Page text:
Logo of Phnom Penh Post newspaper Phnom Penh Post - Should the United Nations withdraw from the KRT?

Should the United Nations withdraw from the KRT?

Should the United Nations withdraw from the KRT?


Dear Editor,

In November, 2008, a bold exercise of prosecutorial discretion set loose a thorn that has slowly but steadily prodded every cog in the complex mechanism that runs the Khmer Rouge tribunal.

{jathumbnail}

The results continue to fascinate, like a thriller published chapter by chapter on the front pages of the papers.

Politics, intrigue, corruption, history, emotion, idealism: it’s all there, oozing from the cuts left by the uncomfortable reality of cases 003 and 004.

Some have decided that if they ignore it, it will eventually go away. Others keep fighting to make sure it never does.

No one knows when or how it will end.

Recent revelations by the Reserve International Co-Investigating Judge are troubling, but in more ways than just the politically motivated alignment they allege to expose.

Perhaps more frightening is the implicit confirmation that the experimental structure of the ECCC is on the brink of failure.

So much time, effort and money has been spent trying to make it work, and the fact it doesn’t is a difficult pill to swallow.

Now the most difficult question: what shall we do about it?

The government has made its position clear; it doesn’t see any problems with the ECCC.

The UN is concerned, and there is talk of its withdrawal.

At first glance, a withdrawal seems a noble act of defiance, a principled refusal to apply the stamp of international legitimacy to a process marred by political scandal.

But consider the likely consequences.

The government has been frank about its views on which four people embody the sum of responsibility for the pain and suffering during the Khmer Rouge reign.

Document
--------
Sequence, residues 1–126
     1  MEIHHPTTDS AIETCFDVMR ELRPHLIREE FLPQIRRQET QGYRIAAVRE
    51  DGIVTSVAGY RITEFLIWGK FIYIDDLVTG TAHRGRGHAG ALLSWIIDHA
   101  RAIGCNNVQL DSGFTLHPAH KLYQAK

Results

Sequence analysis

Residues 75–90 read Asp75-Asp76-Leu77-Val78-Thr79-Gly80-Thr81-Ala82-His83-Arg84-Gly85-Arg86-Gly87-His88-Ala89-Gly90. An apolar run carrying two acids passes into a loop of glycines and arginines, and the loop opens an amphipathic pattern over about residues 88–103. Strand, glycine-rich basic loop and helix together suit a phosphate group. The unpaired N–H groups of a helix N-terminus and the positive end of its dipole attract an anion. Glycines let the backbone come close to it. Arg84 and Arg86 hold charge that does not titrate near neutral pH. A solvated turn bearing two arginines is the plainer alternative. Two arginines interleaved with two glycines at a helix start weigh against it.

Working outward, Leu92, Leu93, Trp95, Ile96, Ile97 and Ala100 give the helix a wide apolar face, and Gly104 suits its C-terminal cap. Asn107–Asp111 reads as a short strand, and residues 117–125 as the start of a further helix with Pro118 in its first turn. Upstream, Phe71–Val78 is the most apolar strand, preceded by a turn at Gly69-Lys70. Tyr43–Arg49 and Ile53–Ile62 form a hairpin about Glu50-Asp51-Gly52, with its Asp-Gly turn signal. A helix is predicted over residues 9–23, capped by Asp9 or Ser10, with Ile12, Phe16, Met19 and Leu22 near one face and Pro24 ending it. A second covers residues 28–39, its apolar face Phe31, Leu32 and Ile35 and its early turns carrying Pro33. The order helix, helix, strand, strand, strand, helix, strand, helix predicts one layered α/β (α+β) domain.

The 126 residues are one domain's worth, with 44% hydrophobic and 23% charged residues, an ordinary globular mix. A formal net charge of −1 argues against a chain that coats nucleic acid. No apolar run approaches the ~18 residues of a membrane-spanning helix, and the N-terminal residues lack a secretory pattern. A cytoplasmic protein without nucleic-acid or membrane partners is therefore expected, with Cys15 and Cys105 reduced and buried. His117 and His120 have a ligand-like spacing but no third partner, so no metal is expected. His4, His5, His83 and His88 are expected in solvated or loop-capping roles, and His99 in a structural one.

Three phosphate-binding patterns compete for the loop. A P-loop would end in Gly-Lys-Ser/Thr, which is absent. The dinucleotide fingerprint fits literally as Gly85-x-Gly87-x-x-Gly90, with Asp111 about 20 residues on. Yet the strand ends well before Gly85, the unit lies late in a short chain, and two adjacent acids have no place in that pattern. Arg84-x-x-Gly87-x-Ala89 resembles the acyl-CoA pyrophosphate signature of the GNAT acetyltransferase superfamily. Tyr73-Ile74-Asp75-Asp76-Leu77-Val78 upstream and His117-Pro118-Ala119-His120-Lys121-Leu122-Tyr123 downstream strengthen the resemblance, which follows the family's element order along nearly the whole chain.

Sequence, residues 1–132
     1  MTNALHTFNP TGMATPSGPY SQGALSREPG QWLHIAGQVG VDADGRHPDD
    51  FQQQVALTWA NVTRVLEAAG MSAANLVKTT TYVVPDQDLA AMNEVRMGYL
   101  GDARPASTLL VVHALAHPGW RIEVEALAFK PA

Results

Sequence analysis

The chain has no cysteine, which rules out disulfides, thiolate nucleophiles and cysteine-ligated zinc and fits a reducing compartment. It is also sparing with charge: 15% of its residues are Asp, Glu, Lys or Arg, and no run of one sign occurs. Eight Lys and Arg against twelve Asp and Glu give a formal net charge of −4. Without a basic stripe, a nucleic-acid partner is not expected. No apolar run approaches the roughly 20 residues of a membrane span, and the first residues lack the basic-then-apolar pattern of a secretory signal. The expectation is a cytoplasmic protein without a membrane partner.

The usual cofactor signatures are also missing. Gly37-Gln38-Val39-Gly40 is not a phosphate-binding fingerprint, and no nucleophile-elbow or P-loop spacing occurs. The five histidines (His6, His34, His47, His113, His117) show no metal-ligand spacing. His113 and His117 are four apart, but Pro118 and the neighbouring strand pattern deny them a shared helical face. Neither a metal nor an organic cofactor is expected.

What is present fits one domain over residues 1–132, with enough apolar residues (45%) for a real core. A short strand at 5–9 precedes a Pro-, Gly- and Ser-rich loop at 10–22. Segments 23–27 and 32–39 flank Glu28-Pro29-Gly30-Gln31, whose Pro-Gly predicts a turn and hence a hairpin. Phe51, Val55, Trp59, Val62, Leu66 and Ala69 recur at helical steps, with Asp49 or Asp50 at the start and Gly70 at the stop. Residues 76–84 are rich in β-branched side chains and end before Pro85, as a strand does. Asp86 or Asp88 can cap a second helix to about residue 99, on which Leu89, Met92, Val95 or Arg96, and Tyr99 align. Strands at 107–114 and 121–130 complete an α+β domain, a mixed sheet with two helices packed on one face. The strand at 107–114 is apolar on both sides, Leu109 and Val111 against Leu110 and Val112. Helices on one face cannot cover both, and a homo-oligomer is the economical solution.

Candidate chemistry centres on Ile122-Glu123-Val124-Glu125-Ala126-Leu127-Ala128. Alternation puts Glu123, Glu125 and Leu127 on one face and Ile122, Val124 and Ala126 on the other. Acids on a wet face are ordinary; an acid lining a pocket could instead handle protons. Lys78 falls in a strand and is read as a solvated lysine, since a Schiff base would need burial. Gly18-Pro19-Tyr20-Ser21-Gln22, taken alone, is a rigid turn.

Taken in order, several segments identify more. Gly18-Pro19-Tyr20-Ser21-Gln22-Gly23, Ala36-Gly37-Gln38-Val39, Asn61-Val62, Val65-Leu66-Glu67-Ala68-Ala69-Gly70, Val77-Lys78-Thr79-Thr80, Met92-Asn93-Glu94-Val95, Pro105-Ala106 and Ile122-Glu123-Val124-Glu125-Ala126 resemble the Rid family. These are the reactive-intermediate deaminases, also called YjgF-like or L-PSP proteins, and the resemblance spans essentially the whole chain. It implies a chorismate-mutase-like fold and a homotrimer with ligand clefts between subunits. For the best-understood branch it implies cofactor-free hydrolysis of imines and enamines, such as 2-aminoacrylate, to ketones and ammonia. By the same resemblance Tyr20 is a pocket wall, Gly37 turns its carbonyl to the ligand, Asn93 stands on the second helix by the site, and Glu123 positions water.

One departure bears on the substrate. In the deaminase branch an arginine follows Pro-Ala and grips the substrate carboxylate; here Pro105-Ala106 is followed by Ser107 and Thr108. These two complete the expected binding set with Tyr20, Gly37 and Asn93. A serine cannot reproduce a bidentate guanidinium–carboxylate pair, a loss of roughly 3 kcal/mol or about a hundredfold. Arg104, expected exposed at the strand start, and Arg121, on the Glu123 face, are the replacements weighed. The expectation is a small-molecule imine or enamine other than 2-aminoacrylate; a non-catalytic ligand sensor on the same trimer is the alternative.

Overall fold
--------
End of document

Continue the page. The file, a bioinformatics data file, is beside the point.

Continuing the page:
If the UN withdraws, Case 002 will almost certainly go on.

The remaining judges will have less to disagree on. The proceedings will be cheaper and more expeditious.

But will the accused retain their rights and be judged in fairness? Will the victims be satisfied with a verdict without the truth-seeking process?

Who stands to gain, and lose, from such a move?

Those advocating UN withdrawal should entertain these questions, especially if they claim to promote human rights. 

MOST VIEWED

  • Serious flooding across country

    The Kampong Speu provincial Committee for Disaster Management on Wednesday issued an alert after non-stop heavy rain caused widespread flooding. In Koh Kong province, authorities are working with the disaster committee and the Cambodian Red Cross to assist those affected after more than 350 homes were

  • CNRP points to King in call for vote boycott

    Leaders of the former Cambodia National Rescue Party (CNRP) have taken a new tack in their call for a boycott of the national elections later this month. They are now claiming that the people should follow the King, who is expected to abide by tradition

  • Actress’s NGO takes heat for promoting the ruling party

    An actress’s NGO which participated in an election campaign event contrary to the Law on Association and Non-Governmental Organisations (Lango) has been slammed. Chorn Chanleakena, a celebrity and the president of the Association of Artists Volunteering to Help Society, allegedly led its members in

  • Troop moves ‘won’t worry people’

    Senior officials at the Ministry of Defence and National Police said on Tuesday that riot training provided to the country’s police forces were aimed at preventing unexpected demonstrations and strikes before and after the July 29 national elections. The troop mobilisation, they said, would not